Britain: Allies should consider long-term cuts in arms sales to Russia

By REUTERS
March 23, 2014 00:09

 
X

Dear Reader,
As you can imagine, more people are reading The Jerusalem Post than ever before. Nevertheless, traditional business models are no longer sustainable and high-quality publications, like ours, are being forced to look for new ways to keep going. Unlike many other news organizations, we have not put up a paywall. We want to keep our journalism open and accessible and be able to keep providing you with news and analyses from the frontlines of Israel, the Middle East and the Jewish World.

As one of our loyal readers, we ask you to be our partner.

For $5 a month you will receive access to the following:

  • A user experience almost completely free of ads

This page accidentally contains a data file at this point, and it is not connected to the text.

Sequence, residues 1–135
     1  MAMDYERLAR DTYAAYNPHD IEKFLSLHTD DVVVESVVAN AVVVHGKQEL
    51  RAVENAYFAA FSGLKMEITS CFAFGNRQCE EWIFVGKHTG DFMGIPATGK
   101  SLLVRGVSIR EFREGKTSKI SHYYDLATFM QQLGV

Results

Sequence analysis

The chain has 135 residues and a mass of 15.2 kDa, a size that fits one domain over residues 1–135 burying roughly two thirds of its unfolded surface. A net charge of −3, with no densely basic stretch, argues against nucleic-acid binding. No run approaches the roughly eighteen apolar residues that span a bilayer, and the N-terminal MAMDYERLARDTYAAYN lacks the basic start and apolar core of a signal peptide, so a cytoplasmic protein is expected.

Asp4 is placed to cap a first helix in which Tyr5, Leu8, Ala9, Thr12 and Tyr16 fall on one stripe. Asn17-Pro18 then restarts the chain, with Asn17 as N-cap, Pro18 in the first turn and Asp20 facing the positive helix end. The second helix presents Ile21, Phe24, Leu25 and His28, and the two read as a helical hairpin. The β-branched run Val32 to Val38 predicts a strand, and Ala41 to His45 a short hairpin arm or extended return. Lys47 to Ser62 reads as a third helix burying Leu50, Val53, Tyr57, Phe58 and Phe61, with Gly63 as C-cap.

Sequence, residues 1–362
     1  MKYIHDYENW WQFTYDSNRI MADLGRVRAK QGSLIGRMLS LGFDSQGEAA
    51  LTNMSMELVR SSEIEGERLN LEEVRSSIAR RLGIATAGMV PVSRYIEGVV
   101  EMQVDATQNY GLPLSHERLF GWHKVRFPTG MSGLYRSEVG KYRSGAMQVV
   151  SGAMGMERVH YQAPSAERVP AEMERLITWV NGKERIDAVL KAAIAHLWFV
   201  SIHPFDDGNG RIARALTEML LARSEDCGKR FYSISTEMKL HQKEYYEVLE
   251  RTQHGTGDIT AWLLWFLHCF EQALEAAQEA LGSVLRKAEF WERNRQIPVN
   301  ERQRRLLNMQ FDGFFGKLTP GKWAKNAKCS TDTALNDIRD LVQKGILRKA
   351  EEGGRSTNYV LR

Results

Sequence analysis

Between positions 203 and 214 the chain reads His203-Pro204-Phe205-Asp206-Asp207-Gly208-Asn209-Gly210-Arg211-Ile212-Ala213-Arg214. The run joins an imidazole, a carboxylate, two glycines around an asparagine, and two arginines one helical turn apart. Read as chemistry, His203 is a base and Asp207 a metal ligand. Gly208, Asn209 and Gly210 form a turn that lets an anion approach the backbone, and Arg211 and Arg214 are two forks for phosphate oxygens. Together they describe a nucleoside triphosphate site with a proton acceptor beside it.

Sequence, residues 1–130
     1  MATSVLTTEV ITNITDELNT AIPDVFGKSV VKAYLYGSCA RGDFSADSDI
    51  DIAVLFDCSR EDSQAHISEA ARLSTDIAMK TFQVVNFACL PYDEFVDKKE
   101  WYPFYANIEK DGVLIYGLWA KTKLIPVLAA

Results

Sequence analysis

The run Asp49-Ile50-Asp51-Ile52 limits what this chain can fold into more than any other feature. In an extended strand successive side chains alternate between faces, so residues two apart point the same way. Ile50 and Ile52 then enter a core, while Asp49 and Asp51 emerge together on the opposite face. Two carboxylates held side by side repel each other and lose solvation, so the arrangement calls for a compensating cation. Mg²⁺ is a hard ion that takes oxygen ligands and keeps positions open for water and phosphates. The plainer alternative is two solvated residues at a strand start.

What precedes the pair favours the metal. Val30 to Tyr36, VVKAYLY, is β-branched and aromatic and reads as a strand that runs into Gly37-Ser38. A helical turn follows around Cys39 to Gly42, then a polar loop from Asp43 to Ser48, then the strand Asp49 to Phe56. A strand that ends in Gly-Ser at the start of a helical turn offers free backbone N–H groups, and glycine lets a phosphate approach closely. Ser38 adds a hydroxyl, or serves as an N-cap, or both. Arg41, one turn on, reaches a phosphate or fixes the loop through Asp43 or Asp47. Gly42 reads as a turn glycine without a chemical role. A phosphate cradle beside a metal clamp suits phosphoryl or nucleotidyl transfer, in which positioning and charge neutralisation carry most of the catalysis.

• Access to our Premium Section
  • Content from the award-winning Jerusalem Report and our monthly magazine to learn Hebrew - Ivrit
  • A brand new ePaper featuring the daily newspaper as it appears in print in Israel

Help us grow and continue telling Israel’s story to the world.

Thank you,

Ronit Hasin-Hochman, CEO, Jerusalem Post Group
Yaakov Katz, Editor-in-Chief

UPGRADE YOUR JPOST EXPERIENCE FOR 5$ PER MONTH Show me later Don't show it again

LONDON - Britain and its allies should consider imposing lasting limitations on arms sales as part of a new relationship with Russia following the "outrageous" annexation of Crimea, Foreign Secretary William Hague said in an article posted on the website of the Telegraph newspaper on Saturday.

"This would involve Russia being outside some international organizations, facing lasting restrictions on military cooperation and arms sales, and having less influence over the rest of Europe," he wrote.

Related Content

Breaking news
August 15, 2018
U.S. targets Chinese and Russian firms with North Korea-related sanctions

By REUTERS